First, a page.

More than 500 Taiwanese took to the streets in New York City on Saturday to protest Taiwan’s exclusion from the UN and other international organizations and China’s role in blocking Taiwan’s efforts to join those bodies.
The protest, organized by the New York-based Committee for Admission of Taiwan to the UN, was joined by a group from Taiwan consisting mainly of members of the Taiwan United Nations Alliance (TAIUNA) and Taiwanese expatriates living in the New York area.
TAIUNA president Michael Tsai (蔡明憲), Democratic Progressive Party legislators Chang Hung-lu (張宏陸) and Yu Wan-ju (余宛如), and New Power Party Legislator Hsu Yung-ming (徐永明) were among the protesters who marched along 42nd Street toward Dag Hammarskjold Plaza, chanting “UN for Taiwan” and “Keep Taiwan Free.”
Photo courtesy of the Taiwan United Nations Alliance
“No one should be barred from the UN,” Tsai said, adding that even Palestine, a “non-state entity,” was able to join the global organization as an observer two years ago, so “why can’t Taiwan?”
The protest was held to coincide with the 72nd UN General Assembly, which is being held at the UN headquarters in the city.
Taiwan has tried without success to re-enter the UN since 1993, after losing China’s seat to the People’s Republic of China in 1971.
KEEP AWAY: People should wear a mask in places where they cannot follow social distancing rules, the CECC said, adding that it would publish detailed guidelines today The Central Epidemic Command Center (CECC) yesterday announced 16 new cases of COVID-19, including two domestic cases, as it urged people to practice social distancing in public spaces by keeping a distance of at least 1m when outdoors and 1.5m indoors. Minister of Health and Welfare Chen Shih-chung (陳時中), who heads the center, said that seven of the new cases tested positive upon their arrival at the airport, four were under home quarantine, one was under home isolation and two were under self-health management, while the two domestic cases sought treatment on their own. The domestic cases are a man in his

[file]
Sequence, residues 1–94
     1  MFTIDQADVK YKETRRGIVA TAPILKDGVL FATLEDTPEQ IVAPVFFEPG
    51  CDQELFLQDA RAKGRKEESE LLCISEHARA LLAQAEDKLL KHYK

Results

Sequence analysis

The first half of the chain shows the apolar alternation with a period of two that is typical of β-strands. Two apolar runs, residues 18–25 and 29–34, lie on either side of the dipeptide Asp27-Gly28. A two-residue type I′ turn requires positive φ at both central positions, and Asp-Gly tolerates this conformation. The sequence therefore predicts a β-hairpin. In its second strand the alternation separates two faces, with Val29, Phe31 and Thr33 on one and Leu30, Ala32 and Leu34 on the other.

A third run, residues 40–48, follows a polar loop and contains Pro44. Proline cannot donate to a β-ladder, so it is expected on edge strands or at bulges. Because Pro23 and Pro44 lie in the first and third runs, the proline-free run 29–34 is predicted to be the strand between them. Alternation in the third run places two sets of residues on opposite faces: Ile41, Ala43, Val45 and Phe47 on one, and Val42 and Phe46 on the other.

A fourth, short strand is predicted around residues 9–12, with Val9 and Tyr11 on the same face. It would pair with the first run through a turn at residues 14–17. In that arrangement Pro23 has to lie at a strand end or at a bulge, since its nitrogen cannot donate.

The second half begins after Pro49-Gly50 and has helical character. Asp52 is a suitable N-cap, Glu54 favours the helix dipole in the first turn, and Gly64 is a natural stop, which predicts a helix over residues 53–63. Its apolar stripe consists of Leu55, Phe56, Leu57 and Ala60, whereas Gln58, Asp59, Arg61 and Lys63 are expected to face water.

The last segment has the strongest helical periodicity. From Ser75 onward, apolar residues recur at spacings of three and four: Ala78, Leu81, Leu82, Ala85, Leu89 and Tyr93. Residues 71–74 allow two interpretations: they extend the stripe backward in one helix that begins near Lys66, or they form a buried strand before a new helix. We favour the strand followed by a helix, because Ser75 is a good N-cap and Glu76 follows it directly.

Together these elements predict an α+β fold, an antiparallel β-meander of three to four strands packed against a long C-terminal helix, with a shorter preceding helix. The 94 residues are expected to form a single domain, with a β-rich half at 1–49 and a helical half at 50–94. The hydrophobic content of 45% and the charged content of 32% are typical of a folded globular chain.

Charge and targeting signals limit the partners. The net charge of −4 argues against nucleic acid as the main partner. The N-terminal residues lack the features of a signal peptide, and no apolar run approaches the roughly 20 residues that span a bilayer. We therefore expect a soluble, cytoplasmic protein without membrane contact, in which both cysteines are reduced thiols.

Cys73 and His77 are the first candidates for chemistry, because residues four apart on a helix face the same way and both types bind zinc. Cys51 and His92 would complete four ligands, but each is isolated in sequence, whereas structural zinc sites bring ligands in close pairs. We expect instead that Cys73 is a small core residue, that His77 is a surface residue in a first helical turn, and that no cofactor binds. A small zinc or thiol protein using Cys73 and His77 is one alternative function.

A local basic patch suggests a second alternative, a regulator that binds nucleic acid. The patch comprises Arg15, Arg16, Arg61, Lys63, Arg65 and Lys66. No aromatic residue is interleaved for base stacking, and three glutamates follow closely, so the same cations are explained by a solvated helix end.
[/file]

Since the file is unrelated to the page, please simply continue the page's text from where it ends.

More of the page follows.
Taiwan will negotiate with the WHO about its participation without Beijing’s help and intervention as more countries, including Australia and Japan, are partnering with Taiwan to curb the COVID-19 pandemic, the Ministry of Foreign Affairs said yesterday. US Secretary of State Mike Pompeo in a telephonic roundtable with reporters on Monday also supported Taiwan’s role in the WHO, saying the US Department of State would do its best to assist Taiwan’s “appropriate role” in the world’s highest health policy setting body, Voice of America reported. In a Japan Business Press report published on Sunday, Chinese Ambassador to Japan Kong Xuanyou (孔鉉佑) said
Japan’s ruling party yesterday proposed the nation’s biggest-ever stimulus package of ￥60 trillion (US$554 billion) as the COVID-19 pandemic locks the economy in a recession. The sum includes ￥20 trillion in fiscal measures with private initiatives and other elements likely making up the rest, the proposal by the Liberal Democratic Party showed. More than ￥10 trillion, or the equivalent of a 5 percentage point cut in the sales tax rate, would be handed out to the public in a combination of cash, subsidies and coupons, the plan showed. The proposal puts an initial figure on a stimulus package that Japanese Prime Minister Shinzo
Malaysian authorities have advised women to wear makeup, not to nag their husbands and speak with a cartoon character’s soothing voice during the virus lockdown, sparking a flood of mockery online. Like many countries, Malaysia has ordered all citizens to stay at home to stem the spread of COVID-19, which, as of yesterday, had killed at least 39,070 people globally. In a series of online posters with the hashtag #WomenPreventCOVID19, the Malaysian Ministry of Women and Family Development issued advice on how to avoid domestic conflicts during the partial lockdown, which began on March 18. One of the campaign posters depicted